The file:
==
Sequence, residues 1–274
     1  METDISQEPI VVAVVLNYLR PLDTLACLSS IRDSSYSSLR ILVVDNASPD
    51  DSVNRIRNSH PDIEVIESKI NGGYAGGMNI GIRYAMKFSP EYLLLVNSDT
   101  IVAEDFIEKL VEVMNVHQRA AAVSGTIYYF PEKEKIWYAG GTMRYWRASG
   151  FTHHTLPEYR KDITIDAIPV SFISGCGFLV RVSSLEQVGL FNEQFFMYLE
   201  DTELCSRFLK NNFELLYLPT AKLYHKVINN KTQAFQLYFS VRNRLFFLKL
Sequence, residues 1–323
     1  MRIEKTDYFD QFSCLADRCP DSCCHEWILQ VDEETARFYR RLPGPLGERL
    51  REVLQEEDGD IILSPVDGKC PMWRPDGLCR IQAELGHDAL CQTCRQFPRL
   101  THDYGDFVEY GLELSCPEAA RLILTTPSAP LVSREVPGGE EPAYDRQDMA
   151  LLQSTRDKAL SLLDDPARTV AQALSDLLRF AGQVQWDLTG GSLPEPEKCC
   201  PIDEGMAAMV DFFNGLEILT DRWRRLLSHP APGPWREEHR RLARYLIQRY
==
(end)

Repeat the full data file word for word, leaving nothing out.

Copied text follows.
Sequence, residues 1–274
     1  METDISQEPI VVAVVLNYLR PLDTLACLSS IRDSSYSSLR ILVVDNASPD
    51  DSVNRIRNSH PDIEVIESKI NGGYAGGMNI GIRYAMKFSP EYLLLVNSDT
   101  IVAEDFIEKL VEVMNVHQRA AAVSGTIYYF PEKEKIWYAG GTMRYWRASG
   151  FTHHTLPEYR KDITIDAIPV SFISGCGFLV RVSSLEQVGL FNEQFFMYLE
   201  DTELCSRFLK NNFELLYLPT AKLYHKVINN KTQAFQLYFS VRNRLFFLKL
Sequence, residues 1–323
     1  MRIEKTDYFD QFSCLADRCP DSCCHEWILQ VDEETARFYR RLPGPLGERL
    51  REVLQEEDGD IILSPVDGKC PMWRPDGLCR IQAELGHDAL CQTCRQFPRL
   101  THDYGDFVEY GLELSCPEAA RLILTTPSAP LVSREVPGGE EPAYDRQDMA
   151  LLQSTRDKAL SLLDDPARTV AQALSDLLRF AGQVQWDLTG GSLPEPEKCC
   201  PIDEGMAAMV DFFNGLEILT DRWRRLLSHP APGPWREEHR RLARYLIQRY